Household Surface Interactions: Understanding User Input Preferences and Perceived Home Experiences

Michael Crabb, Garreth W. Tigwell

Research output: Chapter in Book/Report/Conference proceedingConference contribution

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Abstract

Households contain a variety of surfaces that are used in a number of activity contexts. As ambient technology becomes commonplace in our homes, it is only a matter of time before these surfaces become linked to computer systems for Household Surface Interaction (HSI). However, little is known about the user experience attached to HSI, and the potential acceptance of HSI within modern homes. To address this problem, we ran a mixed methods user study with 39 participants to examine HSI using nine household surfaces and five common gestures (tap, press, swipe, drag, and pinch). We found that under the right conditions, surfaces with some amount of texture can enhance HSI. Furthermore, perceived good and poor user experience varied among participants for surface type indicating individual preferences. We present findings and design considerations based on surface characteristics and the challenges that users perceive they may have with HSI within their homes.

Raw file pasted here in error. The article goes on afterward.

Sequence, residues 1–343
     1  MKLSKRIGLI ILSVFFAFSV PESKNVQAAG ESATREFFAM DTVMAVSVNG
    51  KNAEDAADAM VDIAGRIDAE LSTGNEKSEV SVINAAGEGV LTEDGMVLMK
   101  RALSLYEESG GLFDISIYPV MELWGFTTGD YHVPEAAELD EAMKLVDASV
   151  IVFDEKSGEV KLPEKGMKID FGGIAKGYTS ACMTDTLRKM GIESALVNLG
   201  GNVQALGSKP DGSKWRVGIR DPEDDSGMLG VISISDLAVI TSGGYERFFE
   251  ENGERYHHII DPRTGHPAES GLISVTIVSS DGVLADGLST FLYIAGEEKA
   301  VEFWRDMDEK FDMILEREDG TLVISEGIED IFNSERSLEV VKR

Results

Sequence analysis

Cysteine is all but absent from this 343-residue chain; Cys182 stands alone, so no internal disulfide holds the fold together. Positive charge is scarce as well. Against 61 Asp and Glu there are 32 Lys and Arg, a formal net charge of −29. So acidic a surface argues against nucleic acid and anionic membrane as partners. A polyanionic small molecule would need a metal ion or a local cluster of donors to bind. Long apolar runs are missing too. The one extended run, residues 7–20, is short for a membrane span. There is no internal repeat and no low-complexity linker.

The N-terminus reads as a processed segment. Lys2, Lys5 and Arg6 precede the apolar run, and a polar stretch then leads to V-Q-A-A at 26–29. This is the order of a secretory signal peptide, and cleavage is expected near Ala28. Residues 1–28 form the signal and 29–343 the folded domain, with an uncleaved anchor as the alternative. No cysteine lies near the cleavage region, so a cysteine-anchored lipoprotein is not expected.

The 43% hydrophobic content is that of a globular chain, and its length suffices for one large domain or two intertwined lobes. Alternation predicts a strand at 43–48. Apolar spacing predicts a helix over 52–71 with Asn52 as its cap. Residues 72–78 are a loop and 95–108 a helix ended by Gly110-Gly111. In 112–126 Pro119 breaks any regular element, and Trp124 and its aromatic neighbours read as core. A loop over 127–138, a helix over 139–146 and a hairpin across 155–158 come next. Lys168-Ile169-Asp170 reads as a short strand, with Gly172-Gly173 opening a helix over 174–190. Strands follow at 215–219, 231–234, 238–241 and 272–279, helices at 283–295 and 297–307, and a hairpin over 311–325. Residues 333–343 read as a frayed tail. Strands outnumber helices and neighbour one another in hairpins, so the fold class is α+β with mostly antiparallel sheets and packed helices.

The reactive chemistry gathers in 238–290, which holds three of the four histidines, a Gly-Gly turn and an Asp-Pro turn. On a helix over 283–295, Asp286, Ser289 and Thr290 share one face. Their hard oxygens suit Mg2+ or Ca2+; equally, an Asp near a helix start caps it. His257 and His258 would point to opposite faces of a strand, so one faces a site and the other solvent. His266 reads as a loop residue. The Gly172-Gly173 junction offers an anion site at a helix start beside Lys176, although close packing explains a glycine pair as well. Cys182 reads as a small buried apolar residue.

Original languageEnglish
Title of host publicationACM Conference in Computer Human Interaction 2020
PublisherAssociation for Computing Machinery
Number of pages14
DOIs
Publication statusPublished - Apr 2020

Keywords

  • User experience
  • surface texture
  • materiality

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    Crabb, M., & Tigwell, G. W. (2020). Household Surface Interactions: Understanding User Input Preferences and Perceived Home Experiences. In ACM Conference in Computer Human Interaction 2020 Association for Computing Machinery. https://doi.org/10.1145/3313831.3376856